Market Overview

Looking At QQQ For The Second Half

Looking At QQQ For The Second Half

The PowerShares QQQ Trust, Series 1 (ETF) (NASDAQ: QQQ), the Nasdaq-100 tracking exchange-traded fund, is scuffling a bit as highlighted by a decline of more than 3 percent over the past week. Still, the tech-heavy fund is higher by almost 15 percent year to date, indicating that there has been ample enthusiasm for technology and internet stocks, including the FAANG quintet.

Even with the sector's recent struggles, technology is the best-performing group in the S&P 500 this year. Technology is the largest sector weight in the benchmark U.S. equity index at about 23 percent, but QQQ devotes 57.5 percent of its weight to technology stocks, more than double the 22.3 percent the ETF allocates to consumer discretionary names.

With the technology sector soaring, at least for most of this year until recently, and concerns creeping up that the group is expensive, some market observers are speculating that the Nasdaq could be poised for a sequel to the 1999–2000 tech/internet bubble. However, some data points suggest a redux of that scenario is unlikely.

A Different World

“Technology has been the best-performing sector of the S&P 500 Index in 2017,” said PowerShares in a recent note. “As such, some investors are drawing comparisons between today’s technology bull market and the infamous dot-com bubble of the late 1990s, which reached its peak in March 2000. Both then and now, technology stocks were catalysts behind major market rallies. But that’s where the similarities end, in my view. While technology has delivered the best sector performance within the S&P 500 Index over the past three years (July 29, 2014, through June 29, 2017), we are still nowhere near the bubble status of 17 years ago.”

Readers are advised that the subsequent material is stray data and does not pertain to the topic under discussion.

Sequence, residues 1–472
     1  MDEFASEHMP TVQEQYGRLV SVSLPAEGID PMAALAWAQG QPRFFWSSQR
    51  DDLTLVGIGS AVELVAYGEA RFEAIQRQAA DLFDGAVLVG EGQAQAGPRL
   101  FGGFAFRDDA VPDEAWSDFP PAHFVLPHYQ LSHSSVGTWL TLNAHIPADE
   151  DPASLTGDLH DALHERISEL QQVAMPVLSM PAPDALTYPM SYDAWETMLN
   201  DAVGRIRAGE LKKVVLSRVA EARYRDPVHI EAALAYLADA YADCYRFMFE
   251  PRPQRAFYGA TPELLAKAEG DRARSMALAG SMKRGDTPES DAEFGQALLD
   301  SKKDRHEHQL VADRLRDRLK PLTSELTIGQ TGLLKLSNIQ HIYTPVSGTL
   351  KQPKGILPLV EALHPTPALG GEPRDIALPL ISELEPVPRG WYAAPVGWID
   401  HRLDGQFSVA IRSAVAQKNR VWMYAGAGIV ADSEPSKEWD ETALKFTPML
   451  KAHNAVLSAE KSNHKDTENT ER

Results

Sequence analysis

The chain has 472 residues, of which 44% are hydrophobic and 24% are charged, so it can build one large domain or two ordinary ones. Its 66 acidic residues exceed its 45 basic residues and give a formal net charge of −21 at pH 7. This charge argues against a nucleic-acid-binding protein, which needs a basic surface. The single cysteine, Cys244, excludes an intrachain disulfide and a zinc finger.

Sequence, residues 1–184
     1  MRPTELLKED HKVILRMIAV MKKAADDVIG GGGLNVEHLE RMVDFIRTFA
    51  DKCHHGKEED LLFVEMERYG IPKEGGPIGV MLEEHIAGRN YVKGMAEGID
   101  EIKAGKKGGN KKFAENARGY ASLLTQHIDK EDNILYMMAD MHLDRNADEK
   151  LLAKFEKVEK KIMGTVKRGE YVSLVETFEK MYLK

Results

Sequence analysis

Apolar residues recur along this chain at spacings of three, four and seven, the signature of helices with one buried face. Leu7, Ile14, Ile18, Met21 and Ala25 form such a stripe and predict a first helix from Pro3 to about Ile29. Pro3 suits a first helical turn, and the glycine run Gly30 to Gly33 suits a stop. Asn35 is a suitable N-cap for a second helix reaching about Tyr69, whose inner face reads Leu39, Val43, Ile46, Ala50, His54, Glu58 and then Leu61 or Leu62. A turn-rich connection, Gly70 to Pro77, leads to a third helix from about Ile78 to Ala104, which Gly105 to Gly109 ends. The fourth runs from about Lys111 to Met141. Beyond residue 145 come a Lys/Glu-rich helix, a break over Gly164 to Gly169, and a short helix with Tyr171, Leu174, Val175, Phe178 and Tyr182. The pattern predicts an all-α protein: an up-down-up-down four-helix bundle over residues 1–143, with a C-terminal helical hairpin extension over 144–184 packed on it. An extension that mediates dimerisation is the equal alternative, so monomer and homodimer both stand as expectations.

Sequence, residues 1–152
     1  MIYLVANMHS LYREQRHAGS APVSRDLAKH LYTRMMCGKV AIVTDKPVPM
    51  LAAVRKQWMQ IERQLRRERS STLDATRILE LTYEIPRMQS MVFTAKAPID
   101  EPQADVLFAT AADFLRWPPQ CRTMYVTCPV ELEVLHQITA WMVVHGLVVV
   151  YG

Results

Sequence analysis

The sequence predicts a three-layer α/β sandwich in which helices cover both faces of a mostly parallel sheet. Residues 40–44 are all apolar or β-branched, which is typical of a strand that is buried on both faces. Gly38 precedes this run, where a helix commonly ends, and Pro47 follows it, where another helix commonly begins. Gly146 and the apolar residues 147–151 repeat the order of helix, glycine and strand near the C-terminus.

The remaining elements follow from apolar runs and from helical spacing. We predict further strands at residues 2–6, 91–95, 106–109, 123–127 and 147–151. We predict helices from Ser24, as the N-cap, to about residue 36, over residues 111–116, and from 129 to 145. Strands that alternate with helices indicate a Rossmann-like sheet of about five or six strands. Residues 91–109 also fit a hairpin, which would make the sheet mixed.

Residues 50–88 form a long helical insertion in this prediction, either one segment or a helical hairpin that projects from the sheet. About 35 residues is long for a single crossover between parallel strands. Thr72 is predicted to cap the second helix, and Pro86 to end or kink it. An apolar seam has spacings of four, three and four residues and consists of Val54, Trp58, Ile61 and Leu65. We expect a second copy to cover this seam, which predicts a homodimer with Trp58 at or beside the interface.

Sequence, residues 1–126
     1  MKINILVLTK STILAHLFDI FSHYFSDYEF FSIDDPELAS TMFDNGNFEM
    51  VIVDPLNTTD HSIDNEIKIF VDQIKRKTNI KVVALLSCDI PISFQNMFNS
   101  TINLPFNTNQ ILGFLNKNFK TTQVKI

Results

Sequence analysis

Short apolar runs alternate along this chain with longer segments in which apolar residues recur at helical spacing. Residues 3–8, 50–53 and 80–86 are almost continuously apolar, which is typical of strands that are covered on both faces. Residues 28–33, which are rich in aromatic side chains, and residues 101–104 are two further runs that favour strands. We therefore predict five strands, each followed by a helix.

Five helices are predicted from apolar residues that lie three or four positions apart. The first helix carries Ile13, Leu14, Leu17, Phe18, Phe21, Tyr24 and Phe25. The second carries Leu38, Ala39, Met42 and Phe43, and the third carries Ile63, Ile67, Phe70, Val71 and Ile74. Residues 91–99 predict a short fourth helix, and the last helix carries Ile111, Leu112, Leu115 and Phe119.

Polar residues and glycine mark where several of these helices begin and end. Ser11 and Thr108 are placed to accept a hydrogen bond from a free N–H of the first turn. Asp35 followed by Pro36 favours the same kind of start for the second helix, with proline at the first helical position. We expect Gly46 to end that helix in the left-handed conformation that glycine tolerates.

Investors concerned about a bubble are apt to watch the market's treatment of the largest technology stocks, including those comprising the FAANG and FAAMG acronyms. Those are Apple Inc. (NASDAQ: AAPL), Alphabet Inc. (NASDAQ: GOOG) (NASDAQ: GOOGL), Microsoft Corporation (NASDAQ: MSFT),, Inc. (NASDAQ: AMZN), Facebook Inc. (NASDAQ: FB) and Netflix, Inc. (NASDAQ: NFLX).

In order, Apple, Microsoft, Amazon, Facebook and Alphabet are QQQ's top five holdings, combining for about 40 percent of the ETF's weight. Said another way, those stocks represent more than three and a half times QQQ's total healthcare weight.

Not As Pricey Today

Apple, Alphabet, Amazon, Facebook and Microsoft are referred to as the “Power Five” of technology stocks (Amazon is actually a consumer discretionary name), and while the average price-to-earnings ratio on these stocks is above the S&P 500, it is not close to average P/E on the five biggest tech names in early 2000.

“Today’s ‘Power Five’ trade at an aggregate of 30 times trailing earnings,” said PowerShares. “That compares with an aggregate of 78 times trailing earnings for the five largest tech stocks in March 2000. This difference equates to total valuations for the five largest technology firms that are 60% lower than they were 17 years ago. If each of these companies saw their stock prices double (and we’re not suggesting they will), their market capitalization-to-net income multiple would rise to 60x, which would still be less than the five largest technology stocks at the height of the tech bubble.”

Related Links:

Best Sector ETFs For July

It Could Be Time For One Of These Tech ETFs

Posted-In: powersharesLong Ideas Broad U.S. Equity ETFs Top Stories Markets Tech Trading Ideas ETFs Best of Benzinga


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